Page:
By: Jim Welte
Dan Auerbach :: 03.13.09 :: Bimbo's 365 Club :: San Francisco, CA
Anyone who's been to a Black Keys show knows the deal. The Akron, Ohio-based duo of guitarist Dan Auerbach and drummer Patrick Carney take the stage, nod politely to the crowd, and proceed to dispatch a sonic freight train straight at you, fiercely overwhelming your senses with dirty, fuzzed-up blues and not letting go until your pleasure has morphed into astonishment. It's the music equivalent of "Shock and Awe."
With his first venture into solo territory on the just-released Keep It Hid (JamBase review), Auerbach has taken his foot off the gas a bit and expanded on his band's trademark sound. In a superb live set at Bimbo's 365 Club, Auerbach proved, much as Jack White of the White Stripes has in his forays with the Raconteurs, that he is a bluesman who has blossomed into a whole lot more.
Backed by San Antonio rock outfit Hacienda and with My Morning Jacket drummer Patrick Hallahan on percussion, Auerbach's growth was evident from the start. He opened with "Trouble Weighs A Ton," a gospel-inflected beauty about missteps: "What's wrong, dear brother, have you lost faith/ Don't you remember a better place/ Needles and things have done you in/ Like the setting sun."
But lest anyone think the freight train conductor had gone all soft and somber, Auerbach quickly launched into "I Want Some More," a track written by Wayne Carson Thompson and made famous by '60s pop duo Jon & Robin. Auerbach turned the original on its ear, giving it bounce with a ska-infused rhythm and some Keys-esque distorted guitar sludge. A line like "I'm just a kid in your walk-in candy store/ Oh, oh, oh I want some more" took on a sinister tone under Auerbach's growl.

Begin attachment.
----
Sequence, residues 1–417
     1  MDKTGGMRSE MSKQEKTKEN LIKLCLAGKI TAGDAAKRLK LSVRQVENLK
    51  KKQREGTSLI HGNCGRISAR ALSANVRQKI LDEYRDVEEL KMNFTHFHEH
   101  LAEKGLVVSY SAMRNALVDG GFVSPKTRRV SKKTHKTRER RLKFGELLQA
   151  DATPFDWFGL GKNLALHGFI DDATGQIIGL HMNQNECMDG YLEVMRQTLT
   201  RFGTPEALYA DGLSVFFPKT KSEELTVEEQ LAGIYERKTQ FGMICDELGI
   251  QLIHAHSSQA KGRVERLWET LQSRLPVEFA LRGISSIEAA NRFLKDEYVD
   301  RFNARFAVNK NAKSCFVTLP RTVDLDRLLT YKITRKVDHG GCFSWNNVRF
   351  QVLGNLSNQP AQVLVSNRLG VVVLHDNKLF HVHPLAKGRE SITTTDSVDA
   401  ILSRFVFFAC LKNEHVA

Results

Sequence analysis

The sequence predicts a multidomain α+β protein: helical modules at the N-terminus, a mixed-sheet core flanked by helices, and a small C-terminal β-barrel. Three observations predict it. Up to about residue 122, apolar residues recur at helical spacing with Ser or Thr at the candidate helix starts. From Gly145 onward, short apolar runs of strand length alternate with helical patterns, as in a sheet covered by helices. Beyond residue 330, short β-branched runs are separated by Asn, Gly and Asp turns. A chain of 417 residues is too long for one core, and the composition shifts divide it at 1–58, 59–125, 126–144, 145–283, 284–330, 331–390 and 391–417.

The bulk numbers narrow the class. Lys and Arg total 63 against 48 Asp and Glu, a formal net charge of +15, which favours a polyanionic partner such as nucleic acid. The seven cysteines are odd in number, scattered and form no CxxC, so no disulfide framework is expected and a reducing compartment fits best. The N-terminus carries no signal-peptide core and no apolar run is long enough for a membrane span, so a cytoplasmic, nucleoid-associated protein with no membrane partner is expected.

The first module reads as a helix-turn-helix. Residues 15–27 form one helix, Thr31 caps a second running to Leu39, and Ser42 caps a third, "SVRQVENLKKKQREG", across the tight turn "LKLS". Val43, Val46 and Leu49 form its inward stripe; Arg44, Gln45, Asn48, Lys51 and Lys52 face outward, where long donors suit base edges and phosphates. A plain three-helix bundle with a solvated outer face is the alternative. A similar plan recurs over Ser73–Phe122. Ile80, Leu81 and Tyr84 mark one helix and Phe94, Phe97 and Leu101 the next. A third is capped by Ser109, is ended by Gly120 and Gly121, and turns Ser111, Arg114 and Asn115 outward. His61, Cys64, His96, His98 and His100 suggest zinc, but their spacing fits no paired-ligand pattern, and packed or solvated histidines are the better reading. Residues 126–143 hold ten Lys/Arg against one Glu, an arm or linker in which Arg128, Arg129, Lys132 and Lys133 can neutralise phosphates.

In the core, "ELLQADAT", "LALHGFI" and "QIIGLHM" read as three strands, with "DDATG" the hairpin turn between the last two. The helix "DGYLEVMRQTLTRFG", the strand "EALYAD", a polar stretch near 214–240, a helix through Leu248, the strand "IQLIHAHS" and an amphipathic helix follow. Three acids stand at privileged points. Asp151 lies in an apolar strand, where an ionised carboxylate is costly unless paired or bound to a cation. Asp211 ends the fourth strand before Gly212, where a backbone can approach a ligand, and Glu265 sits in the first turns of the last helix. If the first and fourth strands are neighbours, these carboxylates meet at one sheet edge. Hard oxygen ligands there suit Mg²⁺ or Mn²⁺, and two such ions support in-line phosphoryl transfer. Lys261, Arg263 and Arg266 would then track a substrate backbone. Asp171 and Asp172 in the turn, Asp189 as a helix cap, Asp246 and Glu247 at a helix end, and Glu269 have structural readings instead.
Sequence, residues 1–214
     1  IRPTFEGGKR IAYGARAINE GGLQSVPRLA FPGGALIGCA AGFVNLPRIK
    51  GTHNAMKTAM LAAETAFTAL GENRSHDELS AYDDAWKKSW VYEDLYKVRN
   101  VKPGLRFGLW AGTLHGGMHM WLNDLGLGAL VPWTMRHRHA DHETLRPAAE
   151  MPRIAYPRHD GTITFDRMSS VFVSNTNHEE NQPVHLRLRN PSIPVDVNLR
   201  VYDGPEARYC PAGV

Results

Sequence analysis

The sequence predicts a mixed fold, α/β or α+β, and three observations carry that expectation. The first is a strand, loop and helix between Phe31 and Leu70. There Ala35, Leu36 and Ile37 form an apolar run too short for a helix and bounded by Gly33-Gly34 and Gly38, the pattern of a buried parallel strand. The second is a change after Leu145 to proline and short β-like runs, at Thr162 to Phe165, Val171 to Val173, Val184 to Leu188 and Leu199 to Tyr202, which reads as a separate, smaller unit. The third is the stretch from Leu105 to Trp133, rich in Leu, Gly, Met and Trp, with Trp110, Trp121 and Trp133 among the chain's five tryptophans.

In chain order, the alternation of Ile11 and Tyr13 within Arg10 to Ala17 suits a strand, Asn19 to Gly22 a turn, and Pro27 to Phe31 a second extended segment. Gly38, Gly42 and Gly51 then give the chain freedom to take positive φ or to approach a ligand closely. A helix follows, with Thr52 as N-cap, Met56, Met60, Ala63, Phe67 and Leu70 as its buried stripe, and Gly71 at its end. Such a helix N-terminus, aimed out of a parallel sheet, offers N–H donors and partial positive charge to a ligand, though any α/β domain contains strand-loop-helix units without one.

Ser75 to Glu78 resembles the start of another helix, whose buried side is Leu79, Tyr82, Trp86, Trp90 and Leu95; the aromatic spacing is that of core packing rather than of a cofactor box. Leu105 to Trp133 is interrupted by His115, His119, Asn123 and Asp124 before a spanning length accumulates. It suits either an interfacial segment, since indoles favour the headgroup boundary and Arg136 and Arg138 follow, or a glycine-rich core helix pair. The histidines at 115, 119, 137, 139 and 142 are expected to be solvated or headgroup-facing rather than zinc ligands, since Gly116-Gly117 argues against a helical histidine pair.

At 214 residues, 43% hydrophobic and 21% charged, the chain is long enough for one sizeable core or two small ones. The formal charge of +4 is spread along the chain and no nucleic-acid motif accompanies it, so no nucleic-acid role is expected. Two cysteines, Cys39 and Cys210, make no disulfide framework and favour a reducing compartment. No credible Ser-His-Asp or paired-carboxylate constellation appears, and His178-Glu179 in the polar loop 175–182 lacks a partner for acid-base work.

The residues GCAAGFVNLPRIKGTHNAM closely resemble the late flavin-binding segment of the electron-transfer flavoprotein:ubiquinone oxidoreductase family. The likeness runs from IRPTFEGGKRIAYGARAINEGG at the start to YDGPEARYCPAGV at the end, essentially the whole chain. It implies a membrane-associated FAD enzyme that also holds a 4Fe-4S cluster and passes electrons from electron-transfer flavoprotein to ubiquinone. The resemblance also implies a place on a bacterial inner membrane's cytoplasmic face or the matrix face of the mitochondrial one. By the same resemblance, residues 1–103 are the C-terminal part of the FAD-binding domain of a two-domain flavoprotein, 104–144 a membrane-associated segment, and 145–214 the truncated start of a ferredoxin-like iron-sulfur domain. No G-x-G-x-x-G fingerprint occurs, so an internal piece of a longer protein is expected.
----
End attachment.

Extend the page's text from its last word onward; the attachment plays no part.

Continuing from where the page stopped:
Other tracks like "The Prowl" and "Mean Monsoon" slathered on the grit, drenching the latter in humid '60 style psychedelia. Almost all of the songs were grounded in the blues, and the five-piece backing band, in the penultimate show of a two-week tour, was incredibly taut and adeptly filled out the aural landscape behind Auerbach.
But, it was the few songs that strayed from the blues that proved the evening's revelation, showcasing Auerbach's voice, which spends most of its time with Carney between a growl and a howl. In interviews, Auerbach has downplayed his voice, saying that his father encouraged him to sing in public as a kid and to just sing naturally.
In the latter half of the nearly 90-minute set, Auerbach and company played "Goin' Home" and "When the Night Comes," two sparse, almost dreamy tracks that let him show off a singing style that was lilting, soulful and full of feeling. This bluesman can wield his inner songbird as well as his axe.
Dan Auerbach solo dates available here. The Black Keys tour dates can be found here. And look for an interview with Auerbach on JamBase in the near future, where he discusses his love of early rock 'n' roll, his home studio and other details about this new solo venture.
JamBase | San Francisco
Go See Live Music!